Murdaugh defense calls out state alleging evidence not shared, leaks in case
Attorney general’s office denies leaking information
COLUMBIA, S.C. (WCSC) - A lawyer representing former Lowcountry attorney Alex Murdaugh told reporters Wednesday morning the state is “hiding the ball” and hasn’t handed over any evidence they have in the deaths of Murdaugh’s wife and son.
Attorney Dick Harpootlian said he and fellow Murdaugh attorney Jim Griffin filed a motion Tuesday to compel prosecutors to reveal evidence they have in the murder case against Murdaugh more than a month after the murder indictments were handed down by a state grand jury. He said the motion requested that Judge Clifton Newman order that evidence be turned over to the defense “immediately without delay.”
“You would assume the state knew when they presented indictments for murder, we would immediately request the evidence and you would assume they would have made it available a month ago so we can evaluate the quality and quantity of it and begin to hire experts, interview witnesses and examine any physical items,” Harpootlian said. “This is the process that occurs every day in every county of South Carolina wherever a criminal case is pending.”
Murdaugh was charged on July 14 with two counts of murder in the June 7, 2021, shooting deaths of his wife, 52-year-old Maggie Murdaugh; and their youngest son, 22-year-old Paul Murdaugh. Murdaugh told 911 operators that he returned to the family’s rural hunting property in the Islandton community of Colleton County and made the grisly discovery.
“The state has agreed to try this case in January,” Harpootlian said. “Every day that passes makes it more difficult for Alex Murdaugh and his attorneys to get prepared for trial.”
Harpootlian said there is no reason why prosecutors couldn’t have turned over almost all of the discovery, the legal term referring to the evidence prosecutors compile against a defendant, 32 days ago.
Harpootlian called it a case of “trial by ambush.”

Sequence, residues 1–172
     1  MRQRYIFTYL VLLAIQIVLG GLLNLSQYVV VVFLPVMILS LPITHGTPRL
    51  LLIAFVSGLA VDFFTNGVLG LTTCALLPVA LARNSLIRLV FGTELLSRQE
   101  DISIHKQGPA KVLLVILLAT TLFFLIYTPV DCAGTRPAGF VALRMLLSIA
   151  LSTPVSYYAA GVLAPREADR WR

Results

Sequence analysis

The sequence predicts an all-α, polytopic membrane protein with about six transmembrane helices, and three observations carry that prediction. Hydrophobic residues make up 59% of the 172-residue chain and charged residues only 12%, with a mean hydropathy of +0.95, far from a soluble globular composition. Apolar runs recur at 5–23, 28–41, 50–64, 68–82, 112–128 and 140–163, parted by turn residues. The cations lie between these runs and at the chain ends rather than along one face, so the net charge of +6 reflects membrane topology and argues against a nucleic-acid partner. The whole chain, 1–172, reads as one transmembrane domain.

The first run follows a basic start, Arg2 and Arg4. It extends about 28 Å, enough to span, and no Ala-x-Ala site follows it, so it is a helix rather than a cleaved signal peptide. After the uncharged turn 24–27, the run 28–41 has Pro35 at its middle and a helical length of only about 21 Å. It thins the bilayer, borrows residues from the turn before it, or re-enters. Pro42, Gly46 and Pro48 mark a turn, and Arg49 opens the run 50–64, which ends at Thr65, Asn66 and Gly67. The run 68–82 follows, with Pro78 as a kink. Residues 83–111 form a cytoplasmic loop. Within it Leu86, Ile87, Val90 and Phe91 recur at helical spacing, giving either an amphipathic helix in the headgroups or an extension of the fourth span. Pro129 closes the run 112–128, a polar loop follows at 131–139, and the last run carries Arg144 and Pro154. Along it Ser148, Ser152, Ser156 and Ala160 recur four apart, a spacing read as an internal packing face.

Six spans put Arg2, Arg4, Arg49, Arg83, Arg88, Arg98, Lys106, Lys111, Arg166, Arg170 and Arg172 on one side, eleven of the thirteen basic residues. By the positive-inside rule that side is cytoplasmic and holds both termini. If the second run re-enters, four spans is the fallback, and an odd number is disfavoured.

“Give us the stuff. You went to a grand jury and said you’ve got enough evidence to convict Alex Murdaugh, convince a jury beyond a reasonable doubt. Where is it?” he said. “I don’t have a shred of paper. I don’t have an email. I don’t have an exhibit. I don’t have any evidence.”
SC Attorney General’s Office denies leaking information on case
The motion from Murdaugh’s attorneys also points the finger at the state for leaking the information about Murdaugh’s indictments to the press two days before the grand jury met, a fact the State Law Enforcement Division told the family, according to Harpootlian.
The defense also claims state shared information in documentation and emails submitted to the court.
South Carolina Attorney General Alan Wilson’s office released a statement Wednesday afternoon in response to allegations of leaks in the case:
Contrary to what Mr. Harpootlian said at his news conference, it is categorically false that the Attorney General’s Office leaked any information in the Murdaugh murder case. We’ve been in communication with SLED and they deny that they told anyone that our office leaked anything.
As we said in our Response in Opposition to the Motion to Compel, this is, “…a not unexpected but completely blatant attempt to create drama where formerly there was none.
In that motion filed by the state, prosecutors claimed the state “has already delivered thousands of pages of discovery materials to the defense.”
It also contains excerpts of emails between the defense and prosecution. The prosecution attacked what it called the defense’s “ridiculous claim” that the defense was being “coerced” by the state’s request to review a proposed order to unseal search warrants in the case so they could be turned over as discovery.
“This was purely in a cooperative atmosphere and not at all coercive,” court documents state. “The defense’s sputtering contention in mischaracterizing this exchange in and of itself shows the blatant weakness and manufactured nature of the defense’s position throughout their argument. As with the rest of their motion, their claims of prosecutorial ‘coercion’ may make for exciting reading or content for a press conference, but they are detached from reality.”
The defense has asked for a hearing in front of Newman about this motion.
The state has issued a response to the motion, saying it is a blatant attempt to create drama where there was none. And they’ve made reasonable efforts to address issues.
Defense will be ready, ‘come Hell or high water’
Despite these speed bumps, Harpootlian says he is confident that his client will get a fair trial and it will take place in Colleton County. No change of venue is in the works, he said.
Despite the lack of information so far, he said the team will try this case in January “come Hell or high water.”
“Run by here at 11 or 12 o’clock at night and you’re going to see the lights on,” he said. “We’re not going to let this slip by because they’re dragging their feet.”
Harpootlian said he is concerned about potential leaks in the case, particularly when those leaks contain inaccurate or false information.
“I’ve tried, in my lifetime, hundreds of criminal cases, prosecuted and defended,” he said. “I have full faith in our judicial system. I mean, I have, and when I say that, this isn’t some sort of patriotic wave of the flag. I’ve seen it work. I’ve seen it work. And I’ve seen it work in wonderful ways. We just need to play by the rules.”
When asked about Murdaugh, Harpootlian said only, “He’s fine.”
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